China says it is definitely “unacceptable and intolerable” that the US is spying on the leaders of its European allies and others around the world, stressing that Washington should be brought to justice.
Chinese Foreign Ministry spokesman Wang Wenbin said Thursday that the US has been a champion of spying on other countries, including its own allies, and that the world deserves a responsible explanation.
“The US spying on its allies is unacceptable, let alone the bold action of tapping the whole world which is utterly intolerable. The United States has always been recognized as the world’s number one secret theft with various methods including simulating signals of base stations to tap into and steal data from cellphones, maneuvering mobile apps, hacking into cloud servers, and even tapping undersea fiber-optic cables,” Wang said.
His comments came after Danish public broadcaster Danmarks Radio (DR) in an investigative report said on Sunday that the infamous US spy network, the National Security Agency (NSA), has colluded with Denmark’s military intelligence unit, FE, to snoop on senior European politicians, including German Chancellor Angela Merkel.
The report added that FE had given the NSA open internet access to spy on SMS text messages, telephone calls, and internet traffic, including searches, chats and messaging services of European politicians.
Merkel and French President Emmanuel Macron, as well as many other leaders, are currently pressing Copenhagen for immediate explanation. They have stressed that such behaviors are absolutely unacceptable.
The US “has also bugged around 100 embassies and consulates in other countries to steal secrecies. The recent media disclosure of the United States’ tapping on its European allies is just the tip of the iceberg of the country’s huge global secret-leaking network, and the US owes the international community an explanation,” Wang further said.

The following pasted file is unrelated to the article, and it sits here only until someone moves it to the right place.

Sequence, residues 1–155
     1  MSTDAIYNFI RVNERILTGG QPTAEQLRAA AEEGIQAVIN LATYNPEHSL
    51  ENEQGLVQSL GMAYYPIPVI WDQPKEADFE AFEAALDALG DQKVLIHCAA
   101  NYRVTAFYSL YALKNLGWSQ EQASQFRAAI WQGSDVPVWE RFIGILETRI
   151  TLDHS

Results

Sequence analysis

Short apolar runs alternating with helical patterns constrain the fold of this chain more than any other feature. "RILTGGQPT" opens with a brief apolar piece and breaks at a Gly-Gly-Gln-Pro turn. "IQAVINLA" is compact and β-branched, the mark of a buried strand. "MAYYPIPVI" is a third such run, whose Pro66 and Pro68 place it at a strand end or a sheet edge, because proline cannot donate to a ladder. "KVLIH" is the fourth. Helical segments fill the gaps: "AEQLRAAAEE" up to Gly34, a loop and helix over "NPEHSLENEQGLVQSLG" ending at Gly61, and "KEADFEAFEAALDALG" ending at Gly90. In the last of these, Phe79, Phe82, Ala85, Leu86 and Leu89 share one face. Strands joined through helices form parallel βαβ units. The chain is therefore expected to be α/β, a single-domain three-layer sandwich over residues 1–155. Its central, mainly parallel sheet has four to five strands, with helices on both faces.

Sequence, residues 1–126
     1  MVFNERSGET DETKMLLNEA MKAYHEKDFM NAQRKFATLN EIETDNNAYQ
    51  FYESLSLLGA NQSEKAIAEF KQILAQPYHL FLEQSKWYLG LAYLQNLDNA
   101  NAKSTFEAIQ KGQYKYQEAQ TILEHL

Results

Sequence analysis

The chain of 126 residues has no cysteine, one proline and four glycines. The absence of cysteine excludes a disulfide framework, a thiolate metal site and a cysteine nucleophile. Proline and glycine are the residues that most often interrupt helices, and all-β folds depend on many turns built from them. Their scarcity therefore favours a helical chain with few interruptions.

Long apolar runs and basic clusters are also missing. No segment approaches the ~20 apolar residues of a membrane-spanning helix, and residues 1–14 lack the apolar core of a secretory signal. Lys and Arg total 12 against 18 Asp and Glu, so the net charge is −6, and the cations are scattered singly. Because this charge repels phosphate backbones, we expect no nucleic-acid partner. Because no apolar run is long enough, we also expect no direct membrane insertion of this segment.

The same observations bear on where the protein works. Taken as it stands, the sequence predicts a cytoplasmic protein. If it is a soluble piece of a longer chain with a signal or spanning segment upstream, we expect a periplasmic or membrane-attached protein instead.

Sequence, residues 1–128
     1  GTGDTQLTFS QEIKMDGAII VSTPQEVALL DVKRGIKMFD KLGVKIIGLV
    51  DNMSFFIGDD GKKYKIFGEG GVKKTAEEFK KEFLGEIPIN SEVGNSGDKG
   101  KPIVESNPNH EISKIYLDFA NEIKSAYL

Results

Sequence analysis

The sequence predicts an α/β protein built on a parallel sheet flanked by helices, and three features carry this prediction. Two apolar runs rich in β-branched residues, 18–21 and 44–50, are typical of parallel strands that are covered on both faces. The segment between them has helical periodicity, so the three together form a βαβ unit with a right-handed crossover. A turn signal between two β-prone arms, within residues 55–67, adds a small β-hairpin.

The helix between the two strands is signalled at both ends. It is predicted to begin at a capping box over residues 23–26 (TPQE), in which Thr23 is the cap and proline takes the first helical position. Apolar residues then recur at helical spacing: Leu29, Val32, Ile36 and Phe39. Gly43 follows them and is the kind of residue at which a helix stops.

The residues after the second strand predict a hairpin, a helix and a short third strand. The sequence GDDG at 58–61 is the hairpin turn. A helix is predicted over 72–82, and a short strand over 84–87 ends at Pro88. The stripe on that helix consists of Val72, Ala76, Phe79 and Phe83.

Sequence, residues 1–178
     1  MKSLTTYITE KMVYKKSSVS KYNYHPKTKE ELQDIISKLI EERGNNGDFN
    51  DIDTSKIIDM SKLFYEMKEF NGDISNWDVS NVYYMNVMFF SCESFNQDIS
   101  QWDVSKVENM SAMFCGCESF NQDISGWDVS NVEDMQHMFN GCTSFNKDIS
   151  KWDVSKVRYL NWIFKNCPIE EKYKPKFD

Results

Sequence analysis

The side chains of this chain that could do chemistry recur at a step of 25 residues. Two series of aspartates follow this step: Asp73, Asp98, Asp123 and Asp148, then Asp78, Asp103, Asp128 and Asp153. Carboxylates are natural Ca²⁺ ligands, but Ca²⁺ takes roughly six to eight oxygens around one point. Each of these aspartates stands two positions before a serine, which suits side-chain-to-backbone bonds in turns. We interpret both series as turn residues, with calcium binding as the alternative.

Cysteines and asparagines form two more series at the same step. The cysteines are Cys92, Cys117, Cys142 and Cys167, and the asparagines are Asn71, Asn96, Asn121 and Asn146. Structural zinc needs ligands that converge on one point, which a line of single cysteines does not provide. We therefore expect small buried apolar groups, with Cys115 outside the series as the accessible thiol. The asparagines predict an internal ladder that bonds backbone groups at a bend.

The Chinese foreign ministry spokesman also lambasted Washington for its bullying and hypocritical nature.
“For a long time, the US relies on its technological advantages to indiscriminately and unscrupulously conduct large-scale wiretapping and eavesdropping; while on the other hand, it wantonly oppresses legally-operating non-US companies under the pretext of the so-called national security. Such double standards have fully exposed its hypocrisy and hegemonic bullying nature,” Wang said.
The US “should immediately stop the evil behaviors of conducting massive and indiscriminate tapping and spying on other countries, and put an end to the malicious actions to crack down on non-US companies in name of the stretched concept of national security. The United States should give back the world justice,” Wang added.
He also said that the so-called Clean Network Program put forward by the US was only a movement to cement its monopoly on high technology field, paving the way for its “secret theft actions.”
Norway summons US embassy’s top official
On Thursday, the Norwegian foreign ministry said it had summoned the US charge d’affaires, Richard Riley, the top official of the American embassy in the Scandinavian country, to lodge an official protest.
Norwegian Prime Minister Erna Solberg confirmed that the US embassy in Oslo was “summoned” over the issue.
“The defense ministry held a meeting with the US embassy in Oslo today where we made it clear that spying on allies is unacceptable and unnecessary,” Norway’s Defense Minister Frank Bakke-Jensen separately said on Twitter.
The internal probe at the Danish Defense Intelligence Service was first launched in 2014 following concerns over leaks exposed by former NSA officer Edward Snowden the previous year revealing the spy agency’s massive surveillance operations across the US and worldwide.
The US spying effort was going on during and after the 2013 Snowden affair, which erupted when he unveiled thousands of classified documents exposing the gigantic US surveillance operations established following the highly suspicious September 11, 2001 terror attacks in New York and near Washington DC.
Featured image: Chinese Foreign Ministry spokesman Wang Wenbin